in

public class Final {
    static final Point p = new Point();

    public static void main(String[] args) throws MyImmutableException {
        p = new Point(); // Fails
        p.setB(10); // OK
        p.setA(20); // Fails - throws MyImmutableException
    }
}       

public class Point() {
    int a = 10;
    int b = 20;

    public setA(int a) {
        this.a = a;
    }
    public setB(int b) throws MyImmutableException {
        detectIsFinal()
        this.b = b;
    }

    private void detectIsFinal() throws MyImmutableException {
        int mod = this.getClass().getModifiers()
        if (Modifier.isFinal(mod)) {
            throw new MyImmutableException();
        }
    }   
}

public class MyImmutableException extends Exception { 
    public MyImmutableException() {super(); }
}

I was thinking what else you can do ... again it's just a !!!!!!!!! PSEUDOCODE !!! I am not sure if it will even work :P

Maybe someone with annotations knowledge will be inspired and make it work. Unfortunatelly I don't have more time this week. Maybe later I will try to make a POC.

public class Final {
    @Immutable
    static final Point p = new Point();

    public static void main(String[] args)  {
        p = new Point(); // Fails
        p.setB(10); // Fails
        p.setA(20); // OK
    }
}       

public class Point() {
    int a = 10;
    @ImmutableOnThisInstance
    int b = 20;

    @DetectIsImmutable
    public setA(int a) {            
        this.a = a;
    }

    @DetectIsImmutable
    public setB(int b) {
        this.b = b;
    }      
}


class Immutable {
    ?????????????????
}

class DetectIsImmutable {
    /**
     * Just a pseudocode - I don't know how to work with ANNOTATIONS :) :) :)
     * SORRY :)
     * @throws MyImmutableException
     */
    private void detectMethod() throws MyImmutableException {
        Immutable instance = CLASS_THAT_IS_ANNOTATED.getClass().getAnnotation(Immutable.class)
        if (instance != null) {
            // get parent Method invocation name (from stacktrace list)
            String methodName = .............;
            if (methodName.startsWith("set")) {
                // check id we have variable with this settername
                String fieldName = ...; // cut "set" get rest of it, make first letterSmall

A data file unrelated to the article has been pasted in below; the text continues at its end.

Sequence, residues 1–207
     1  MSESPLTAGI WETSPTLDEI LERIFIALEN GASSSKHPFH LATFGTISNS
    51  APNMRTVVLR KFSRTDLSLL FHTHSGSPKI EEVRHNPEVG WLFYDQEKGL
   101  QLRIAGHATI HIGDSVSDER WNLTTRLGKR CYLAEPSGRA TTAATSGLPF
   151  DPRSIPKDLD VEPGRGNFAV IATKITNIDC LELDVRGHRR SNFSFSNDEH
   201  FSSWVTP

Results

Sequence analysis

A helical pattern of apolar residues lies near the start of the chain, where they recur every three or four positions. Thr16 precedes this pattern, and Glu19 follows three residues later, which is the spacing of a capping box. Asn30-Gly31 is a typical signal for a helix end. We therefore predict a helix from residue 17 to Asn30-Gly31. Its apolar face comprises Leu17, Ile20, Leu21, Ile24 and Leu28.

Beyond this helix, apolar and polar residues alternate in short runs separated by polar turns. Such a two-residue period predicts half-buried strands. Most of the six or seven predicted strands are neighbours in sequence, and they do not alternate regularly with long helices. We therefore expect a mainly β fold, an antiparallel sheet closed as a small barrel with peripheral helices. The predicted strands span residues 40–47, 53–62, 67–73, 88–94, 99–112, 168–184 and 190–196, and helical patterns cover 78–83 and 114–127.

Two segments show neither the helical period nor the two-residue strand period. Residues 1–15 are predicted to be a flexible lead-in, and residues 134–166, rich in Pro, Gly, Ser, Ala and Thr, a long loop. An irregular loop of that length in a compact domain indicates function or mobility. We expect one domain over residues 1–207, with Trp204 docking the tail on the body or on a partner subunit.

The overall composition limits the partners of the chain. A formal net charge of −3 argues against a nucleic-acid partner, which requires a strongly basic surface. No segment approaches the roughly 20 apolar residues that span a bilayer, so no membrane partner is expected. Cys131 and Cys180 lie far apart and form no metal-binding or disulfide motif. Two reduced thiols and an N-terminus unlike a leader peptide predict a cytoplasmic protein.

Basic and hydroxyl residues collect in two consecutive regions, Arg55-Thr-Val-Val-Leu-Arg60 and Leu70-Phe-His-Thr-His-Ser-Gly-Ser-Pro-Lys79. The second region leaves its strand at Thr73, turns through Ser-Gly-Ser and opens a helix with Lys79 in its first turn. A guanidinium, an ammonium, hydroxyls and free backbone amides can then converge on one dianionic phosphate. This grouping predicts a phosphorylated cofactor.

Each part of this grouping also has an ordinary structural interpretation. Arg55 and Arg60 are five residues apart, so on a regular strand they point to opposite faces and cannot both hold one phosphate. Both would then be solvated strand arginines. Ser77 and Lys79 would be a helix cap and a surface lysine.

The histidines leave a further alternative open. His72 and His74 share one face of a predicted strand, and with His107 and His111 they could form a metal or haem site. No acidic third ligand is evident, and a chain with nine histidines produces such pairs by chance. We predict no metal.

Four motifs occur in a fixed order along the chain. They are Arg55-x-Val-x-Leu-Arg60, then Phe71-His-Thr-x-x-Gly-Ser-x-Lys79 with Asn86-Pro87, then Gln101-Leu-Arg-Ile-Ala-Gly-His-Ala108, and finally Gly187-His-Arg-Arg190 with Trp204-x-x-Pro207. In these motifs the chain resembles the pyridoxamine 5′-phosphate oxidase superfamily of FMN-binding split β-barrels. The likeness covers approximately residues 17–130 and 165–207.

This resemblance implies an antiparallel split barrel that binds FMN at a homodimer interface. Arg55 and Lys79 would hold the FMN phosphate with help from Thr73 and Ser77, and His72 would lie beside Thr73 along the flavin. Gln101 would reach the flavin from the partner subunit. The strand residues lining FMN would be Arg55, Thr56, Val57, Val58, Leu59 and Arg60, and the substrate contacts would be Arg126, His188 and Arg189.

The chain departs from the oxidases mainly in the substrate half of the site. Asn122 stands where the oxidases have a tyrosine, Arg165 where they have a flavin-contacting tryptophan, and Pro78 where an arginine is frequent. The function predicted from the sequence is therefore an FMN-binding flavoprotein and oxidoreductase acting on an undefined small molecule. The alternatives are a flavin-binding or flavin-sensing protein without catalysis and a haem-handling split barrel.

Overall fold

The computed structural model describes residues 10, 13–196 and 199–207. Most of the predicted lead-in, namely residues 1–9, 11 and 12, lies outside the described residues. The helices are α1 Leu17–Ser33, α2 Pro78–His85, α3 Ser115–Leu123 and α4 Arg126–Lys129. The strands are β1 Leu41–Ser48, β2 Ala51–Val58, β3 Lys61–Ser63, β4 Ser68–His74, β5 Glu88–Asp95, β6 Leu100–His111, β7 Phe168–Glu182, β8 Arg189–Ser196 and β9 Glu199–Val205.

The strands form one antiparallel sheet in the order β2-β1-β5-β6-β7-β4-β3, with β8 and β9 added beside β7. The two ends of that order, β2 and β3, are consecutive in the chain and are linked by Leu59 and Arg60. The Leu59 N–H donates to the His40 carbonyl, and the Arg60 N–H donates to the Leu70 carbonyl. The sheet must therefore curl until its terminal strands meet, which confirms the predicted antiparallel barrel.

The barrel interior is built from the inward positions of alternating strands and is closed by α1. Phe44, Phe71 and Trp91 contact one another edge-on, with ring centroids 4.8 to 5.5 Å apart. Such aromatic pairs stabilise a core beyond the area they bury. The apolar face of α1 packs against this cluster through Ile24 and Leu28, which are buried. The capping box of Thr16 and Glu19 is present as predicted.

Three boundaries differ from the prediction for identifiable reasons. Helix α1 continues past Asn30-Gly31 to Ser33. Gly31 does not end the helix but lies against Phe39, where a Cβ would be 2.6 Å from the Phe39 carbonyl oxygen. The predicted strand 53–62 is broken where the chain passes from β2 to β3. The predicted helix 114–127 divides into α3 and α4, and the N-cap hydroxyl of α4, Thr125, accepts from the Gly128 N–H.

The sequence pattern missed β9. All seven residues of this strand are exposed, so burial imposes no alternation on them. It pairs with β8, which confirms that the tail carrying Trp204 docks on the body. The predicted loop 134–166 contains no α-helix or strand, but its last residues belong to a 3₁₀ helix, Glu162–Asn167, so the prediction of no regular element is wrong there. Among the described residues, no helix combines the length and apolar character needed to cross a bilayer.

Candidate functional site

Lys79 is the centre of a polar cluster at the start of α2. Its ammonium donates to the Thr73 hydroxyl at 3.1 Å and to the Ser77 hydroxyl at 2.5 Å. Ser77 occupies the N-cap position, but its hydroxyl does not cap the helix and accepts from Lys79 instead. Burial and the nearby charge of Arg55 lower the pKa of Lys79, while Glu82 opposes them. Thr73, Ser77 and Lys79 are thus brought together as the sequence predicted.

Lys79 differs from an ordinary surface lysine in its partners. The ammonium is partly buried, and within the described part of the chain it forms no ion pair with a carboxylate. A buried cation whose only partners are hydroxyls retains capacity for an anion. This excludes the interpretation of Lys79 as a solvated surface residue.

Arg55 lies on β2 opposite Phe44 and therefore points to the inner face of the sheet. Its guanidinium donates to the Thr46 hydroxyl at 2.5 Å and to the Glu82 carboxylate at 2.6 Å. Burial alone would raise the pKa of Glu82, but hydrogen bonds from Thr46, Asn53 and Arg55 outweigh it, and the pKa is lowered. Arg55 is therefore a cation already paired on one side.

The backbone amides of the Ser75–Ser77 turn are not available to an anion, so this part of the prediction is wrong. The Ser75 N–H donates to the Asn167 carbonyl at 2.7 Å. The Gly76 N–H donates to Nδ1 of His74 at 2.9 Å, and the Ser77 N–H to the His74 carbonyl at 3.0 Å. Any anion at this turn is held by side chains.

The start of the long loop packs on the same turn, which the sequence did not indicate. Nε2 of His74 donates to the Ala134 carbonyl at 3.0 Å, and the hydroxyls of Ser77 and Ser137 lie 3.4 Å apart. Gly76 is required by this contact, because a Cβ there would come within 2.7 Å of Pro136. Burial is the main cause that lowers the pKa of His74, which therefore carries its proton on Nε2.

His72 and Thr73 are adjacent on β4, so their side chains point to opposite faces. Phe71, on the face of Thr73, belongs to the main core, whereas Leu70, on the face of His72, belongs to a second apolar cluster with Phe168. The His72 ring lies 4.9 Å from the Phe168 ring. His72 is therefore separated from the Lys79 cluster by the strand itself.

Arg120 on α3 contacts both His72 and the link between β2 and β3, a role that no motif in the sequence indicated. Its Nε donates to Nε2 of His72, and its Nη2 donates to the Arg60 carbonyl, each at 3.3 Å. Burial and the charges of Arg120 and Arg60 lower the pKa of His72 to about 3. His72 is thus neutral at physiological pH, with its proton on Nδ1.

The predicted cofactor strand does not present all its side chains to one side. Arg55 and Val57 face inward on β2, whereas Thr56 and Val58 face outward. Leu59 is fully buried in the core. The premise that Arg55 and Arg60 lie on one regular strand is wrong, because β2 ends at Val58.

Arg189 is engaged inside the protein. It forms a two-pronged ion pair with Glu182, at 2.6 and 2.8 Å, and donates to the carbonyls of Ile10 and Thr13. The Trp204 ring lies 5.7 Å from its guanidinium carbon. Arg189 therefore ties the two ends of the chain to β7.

// find this field in object fields
                Field f = this.getClass().getDeclaredField(fieldName);
                if (f.getAnnotation(ImmutableOnThisInstance.class) != null) {
                    throw MyImmutableException();
                }
            }
        }
    }           

}
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It is still true.

There is a way in which the claim you quote is true. static final describes a variable, and it is true that that variable cannot change, and so is a constant. The variable is a pointer to an object, and that object can change. But that doesn't stop the variable being a constant.

That is a less powerful way of being true that you can achieve with const in C++, but it's something.

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Yes you are correct. The reference cannot be changed, but the object that is referenced can be. Something like this is perfectly legal:

public static final List<Object> someList = new ArrayList<Object>();

// ...

someList.add(someThing); // <-- this would be illegal if the referenced object was also constant
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You can change the properties of Point2D, but not create a new instance of it.

I should also mention Point2D is abstract so you must create an instance of a child class that extends this.

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As other already mentionned, it is the reference to your Point2D object that is static final, not the attributes x and y. If you want to make sure you cannot change the position of a Point2D object you should set attributes x and y static and final (initialized) in Point2D class.

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static final Point2D A = new Point2D(x,y);

All it says is reference of class Point2D can't be changed.

            _____________
           |             |
A----------|--->(x,Y)    |
           |             | 
           |_____________|Heap

So you can't change A by pointing to a different object but of course you can change the value of (x,y) or the content of Point Object

If you want to make your object also as constant you will have to make Point object immutable.